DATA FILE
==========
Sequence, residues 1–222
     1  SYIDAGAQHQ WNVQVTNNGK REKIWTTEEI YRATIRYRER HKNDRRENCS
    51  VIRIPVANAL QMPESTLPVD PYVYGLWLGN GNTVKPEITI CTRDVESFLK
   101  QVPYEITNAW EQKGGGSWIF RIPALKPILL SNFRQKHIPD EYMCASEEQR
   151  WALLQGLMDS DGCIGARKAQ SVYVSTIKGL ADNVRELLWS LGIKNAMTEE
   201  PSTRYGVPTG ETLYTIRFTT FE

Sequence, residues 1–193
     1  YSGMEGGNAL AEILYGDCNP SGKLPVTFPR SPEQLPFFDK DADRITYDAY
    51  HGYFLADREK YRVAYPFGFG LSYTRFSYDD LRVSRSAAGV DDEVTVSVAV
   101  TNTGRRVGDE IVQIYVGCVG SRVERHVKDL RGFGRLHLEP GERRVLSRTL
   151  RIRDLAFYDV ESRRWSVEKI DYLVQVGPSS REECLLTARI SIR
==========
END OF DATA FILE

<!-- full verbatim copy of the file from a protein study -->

Sequence, residues 1–222
     1  SYIDAGAQHQ WNVQVTNNGK REKIWTTEEI YRATIRYRER HKNDRRENCS
    51  VIRIPVANAL QMPESTLPVD PYVYGLWLGN GNTVKPEITI CTRDVESFLK
   101  QVPYEITNAW EQKGGGSWIF RIPALKPILL SNFRQKHIPD EYMCASEEQR
   151  WALLQGLMDS DGCIGARKAQ SVYVSTIKGL ADNVRELLWS LGIKNAMTEE
   201  PSTRYGVPTG ETLYTIRFTT FE

Sequence, residues 1–193
     1  YSGMEGGNAL AEILYGDCNP SGKLPVTFPR SPEQLPFFDK DADRITYDAY
    51  HGYFLADREK YRVAYPFGFG LSYTRFSYDD LRVSRSAAGV DDEVTVSVAV
   101  TNTGRRVGDE IVQIYVGCVG SRVERHVKDL RGFGRLHLEP GERRVLSRTL
   151  RIRDLAFYDV ESRRWSVEKI DYLVQVGPSS REECLLTARI SIR